certainly be said with respect to the distinct value
and permanent helpfulness of that matchless ref-
erence work

The NEW
INTERNATIONAL

R

ENCYCLOPAEDIA

G note

Editors: Frank Moore Colby, M.A. and

Talcott Williams, LL.D., L.H.D., Litt.D. More than 500 Contributors and Office-Editors

СЕ

Turning Point,” are published in this week's issue. The first prize was won by Louis Victor Eytinge, of Arizona, and the second by Rae Barnett, from Aberdeen, Washington. The winner of the third prize prefers not to disclose his identity.

ICHARD HOADLEY TINGLEY has writ

ten for the financial pages of The Outlook several times during the last year.

AMALIEL BRADFORD is a writer of

note. He was born in Boston, and entered Harvard College in 1882, but was obliged to leave almost immediately on account of ill health. He is the author of numerous volumes, among them “Lee, the American,” “Portraits of Women," "Civil War Portraits."

ELIA HARRIS wrote us the following.

paragraph when we asked for some biographical data: "I notice in your contributors' columns that there is a certain type of contributor whose biography reads as follows: 'Mary Elizabeth Brown, a writer new to The Outlook, sends us this thoughtful article from Ottumwa, Iowa.' I belong in Mapy Elizabeth's class. I am a .graduate of the University of Nebraska and of Outlook parentage; my mother, Mary Day Harris, has contributed several articles in the last few years under the name of Mary Doane Shelby.”

CORRESPONDENT

of The Outlook complains that all of the pictures which

have published of Washington spondent, Ernest Hamlin Abbott, have been caricatures. So we make one more attempt

to bring his features before our readers herewith.

0. 1 - 22

In the preface to the Second Edition the Editors state that the work has been so prepared as “ to meet the needs of the greatest number of uses” and how well it has met these needs is evidenced by its

Nation-Wide Popularity About every one knows and every owner prizes THE NEW INTERNATIONAL because of its supreme service not only to adults but to help the young folks in their school-work. It

Lightens the Task by Sharing the Toil.

Send in the Coupon and Learn Just How
Sending it places you under no obligation but
you will receive promptly our 84-page Illus-
trated Book showing specimen pages, plates
in color and giving the low price and easy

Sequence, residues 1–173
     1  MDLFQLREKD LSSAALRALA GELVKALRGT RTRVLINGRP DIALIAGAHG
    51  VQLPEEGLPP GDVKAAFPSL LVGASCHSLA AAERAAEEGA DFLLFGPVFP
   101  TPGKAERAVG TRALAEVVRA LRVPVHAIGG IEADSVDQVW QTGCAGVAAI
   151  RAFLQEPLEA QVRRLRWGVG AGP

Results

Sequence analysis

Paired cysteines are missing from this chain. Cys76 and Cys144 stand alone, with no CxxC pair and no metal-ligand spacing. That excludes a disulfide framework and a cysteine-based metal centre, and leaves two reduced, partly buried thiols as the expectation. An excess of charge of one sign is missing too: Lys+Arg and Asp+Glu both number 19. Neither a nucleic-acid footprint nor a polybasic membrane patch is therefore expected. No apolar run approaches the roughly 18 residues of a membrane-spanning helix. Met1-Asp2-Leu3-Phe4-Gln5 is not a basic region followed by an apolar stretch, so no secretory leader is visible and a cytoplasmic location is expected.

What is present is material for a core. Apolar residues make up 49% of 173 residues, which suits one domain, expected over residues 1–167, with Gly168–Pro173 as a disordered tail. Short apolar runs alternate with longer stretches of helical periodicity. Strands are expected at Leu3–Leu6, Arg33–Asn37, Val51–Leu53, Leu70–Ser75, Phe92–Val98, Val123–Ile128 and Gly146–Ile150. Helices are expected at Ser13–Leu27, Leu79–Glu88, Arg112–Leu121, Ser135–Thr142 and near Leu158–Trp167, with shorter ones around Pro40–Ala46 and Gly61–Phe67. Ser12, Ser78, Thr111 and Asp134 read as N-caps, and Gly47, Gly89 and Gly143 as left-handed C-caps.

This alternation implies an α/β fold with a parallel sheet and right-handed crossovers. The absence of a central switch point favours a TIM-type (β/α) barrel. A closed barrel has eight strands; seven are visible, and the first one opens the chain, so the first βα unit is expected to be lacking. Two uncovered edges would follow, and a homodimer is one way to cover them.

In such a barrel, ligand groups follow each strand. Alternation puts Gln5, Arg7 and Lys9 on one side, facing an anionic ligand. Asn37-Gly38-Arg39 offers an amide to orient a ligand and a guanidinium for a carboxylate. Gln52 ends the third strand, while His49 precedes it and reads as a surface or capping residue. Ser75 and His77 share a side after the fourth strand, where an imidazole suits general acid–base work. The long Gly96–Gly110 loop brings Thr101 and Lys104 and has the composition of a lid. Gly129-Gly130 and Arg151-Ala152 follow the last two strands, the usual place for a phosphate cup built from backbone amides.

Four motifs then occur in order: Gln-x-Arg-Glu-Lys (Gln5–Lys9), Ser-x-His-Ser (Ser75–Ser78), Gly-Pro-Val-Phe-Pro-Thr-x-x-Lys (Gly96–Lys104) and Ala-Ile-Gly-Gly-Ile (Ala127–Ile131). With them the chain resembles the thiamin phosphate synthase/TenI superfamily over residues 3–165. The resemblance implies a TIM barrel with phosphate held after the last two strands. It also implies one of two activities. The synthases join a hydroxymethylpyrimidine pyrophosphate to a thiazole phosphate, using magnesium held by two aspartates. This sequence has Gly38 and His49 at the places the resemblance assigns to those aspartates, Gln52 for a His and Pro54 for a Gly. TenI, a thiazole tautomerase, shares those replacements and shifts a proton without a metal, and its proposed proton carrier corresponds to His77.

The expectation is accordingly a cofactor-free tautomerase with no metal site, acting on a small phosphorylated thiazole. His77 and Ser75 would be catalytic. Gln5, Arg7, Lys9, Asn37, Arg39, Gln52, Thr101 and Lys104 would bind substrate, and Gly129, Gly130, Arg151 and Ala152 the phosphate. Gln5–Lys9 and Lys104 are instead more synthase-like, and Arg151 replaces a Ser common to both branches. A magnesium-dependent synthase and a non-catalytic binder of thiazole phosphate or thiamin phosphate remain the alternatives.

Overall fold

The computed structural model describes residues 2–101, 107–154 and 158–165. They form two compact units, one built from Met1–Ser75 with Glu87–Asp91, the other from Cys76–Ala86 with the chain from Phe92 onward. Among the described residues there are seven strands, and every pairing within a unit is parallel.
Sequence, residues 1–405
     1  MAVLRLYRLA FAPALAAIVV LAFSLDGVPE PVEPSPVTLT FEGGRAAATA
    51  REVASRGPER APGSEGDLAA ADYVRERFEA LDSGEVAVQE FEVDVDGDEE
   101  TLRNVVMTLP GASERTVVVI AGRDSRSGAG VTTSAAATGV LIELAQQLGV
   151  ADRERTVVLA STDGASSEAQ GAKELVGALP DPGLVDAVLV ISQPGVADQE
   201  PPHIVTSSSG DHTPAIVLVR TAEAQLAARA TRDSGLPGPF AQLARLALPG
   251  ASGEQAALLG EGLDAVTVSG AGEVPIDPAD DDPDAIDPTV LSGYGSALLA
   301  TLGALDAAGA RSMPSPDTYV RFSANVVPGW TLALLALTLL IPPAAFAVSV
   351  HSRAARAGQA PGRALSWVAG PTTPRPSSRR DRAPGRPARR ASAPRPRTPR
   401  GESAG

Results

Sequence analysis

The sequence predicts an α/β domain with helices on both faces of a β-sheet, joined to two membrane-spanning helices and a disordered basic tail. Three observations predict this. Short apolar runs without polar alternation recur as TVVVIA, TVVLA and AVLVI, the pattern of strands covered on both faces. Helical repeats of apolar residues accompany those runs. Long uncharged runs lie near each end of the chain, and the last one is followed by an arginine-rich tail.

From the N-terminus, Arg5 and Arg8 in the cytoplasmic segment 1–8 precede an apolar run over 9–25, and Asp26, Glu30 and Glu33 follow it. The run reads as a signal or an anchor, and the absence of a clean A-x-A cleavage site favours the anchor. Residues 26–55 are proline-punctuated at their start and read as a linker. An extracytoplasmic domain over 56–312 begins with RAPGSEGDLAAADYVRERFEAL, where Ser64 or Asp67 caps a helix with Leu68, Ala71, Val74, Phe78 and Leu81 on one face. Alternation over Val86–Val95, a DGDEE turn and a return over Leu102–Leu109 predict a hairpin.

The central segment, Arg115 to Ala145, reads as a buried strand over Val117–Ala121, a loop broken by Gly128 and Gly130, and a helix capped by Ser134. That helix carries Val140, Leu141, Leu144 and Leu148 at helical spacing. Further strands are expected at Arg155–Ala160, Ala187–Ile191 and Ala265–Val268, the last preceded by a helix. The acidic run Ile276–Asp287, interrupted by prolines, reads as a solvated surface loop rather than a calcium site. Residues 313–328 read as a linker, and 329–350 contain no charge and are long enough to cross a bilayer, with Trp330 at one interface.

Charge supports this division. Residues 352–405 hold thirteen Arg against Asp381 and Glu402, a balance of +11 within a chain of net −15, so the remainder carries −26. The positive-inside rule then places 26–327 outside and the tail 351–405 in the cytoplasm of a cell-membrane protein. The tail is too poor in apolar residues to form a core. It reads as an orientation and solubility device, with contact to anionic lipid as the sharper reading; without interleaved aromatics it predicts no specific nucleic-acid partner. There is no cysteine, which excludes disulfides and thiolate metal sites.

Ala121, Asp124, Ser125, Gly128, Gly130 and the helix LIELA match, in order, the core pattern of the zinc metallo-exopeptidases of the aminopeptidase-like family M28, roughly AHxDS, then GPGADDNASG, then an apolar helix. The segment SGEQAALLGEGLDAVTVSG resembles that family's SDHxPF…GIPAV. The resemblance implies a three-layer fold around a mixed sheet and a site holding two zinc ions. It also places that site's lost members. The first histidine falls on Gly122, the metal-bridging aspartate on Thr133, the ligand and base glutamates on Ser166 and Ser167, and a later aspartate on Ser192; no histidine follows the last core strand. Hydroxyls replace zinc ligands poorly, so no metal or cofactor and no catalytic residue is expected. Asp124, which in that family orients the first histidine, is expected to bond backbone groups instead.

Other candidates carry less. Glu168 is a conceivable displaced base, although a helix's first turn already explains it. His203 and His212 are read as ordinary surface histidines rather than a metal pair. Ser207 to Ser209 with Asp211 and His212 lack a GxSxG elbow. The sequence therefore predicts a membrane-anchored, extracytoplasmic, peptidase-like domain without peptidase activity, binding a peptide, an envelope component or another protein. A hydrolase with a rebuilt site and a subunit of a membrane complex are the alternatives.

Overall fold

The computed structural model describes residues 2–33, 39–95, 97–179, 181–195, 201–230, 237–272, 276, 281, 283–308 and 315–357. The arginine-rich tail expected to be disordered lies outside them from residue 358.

terms upon which THE NEW INTER-
NATIONAL is just now procurable.
DODD, MEAD & COMPANY, Inc.

DODD MEAD & Co., Inc.

Publishers 449 Fourth Ave.

New York City Send me full information regarding The New International Encyclopædia (Second Edition) with details of the present special price, etc., with list of Prize Questions enabling me to win a $1.25 volume each month.

A

FILL OUT AND MAIL THIS COUPON NOW

[graphic]

we

our

corre

Name..

Occupation...

Bus. Address.

Residence....

[blocks in formation]
[merged small][merged small][merged small][merged small][ocr errors][merged small][merged small][ocr errors][merged small][merged small]

Household Linens and White Goods

Send today for Catalogue No. 35
NCE a year since 1893 “ The Linen Store" has held a

January Sale of Household Linens and White Goods. It is an event eagerly awaited by housewives all over the country.

The New January Sale Catalogue For this occasion we have prepared a new Catalogue--a Catalogue that brings this Special Sale to you. .

You make your selections, and mail your order to us. A few days later you receive your parcel. In fact, it's quite as though you yourself were shopping in our store.

At New and Greatly Reduced Prices The new January Sale Book contains accurate photographs and drawings as well as descriptions and prices of Table Cloths, Fancy Linens and Handkerchiefs. Towels, Blankets, Comfortables and Bed Linens. Neckwear, Laces, Hosiery, Sweaters and Hats. Children's Wear and Lingerie.

Advertising is a powerful force. Its educational values are subtle and extensive. Its effects on personal development, family life, and social customs are often lasting and profound. Perhaps you have been most influenced by reading an advertisement of a book, a course of study, a service, or a commodity. Describe the significance to you of the best recent advertisement in The Outlook.

CONDITIONS OF CONTEST 1. Write your name (add a pen name,

if you like, for publication) and adäress in the upper left-hand

corner of your letter. 2. All letters must be typewritten on

one side of the paper only. 3. Limit your letter to 500 words of

average length. 4. Your letter, to be eligible, must

reach us on or before January

23, 1922. 5. We reserve the right to purchase

for publication desirable letters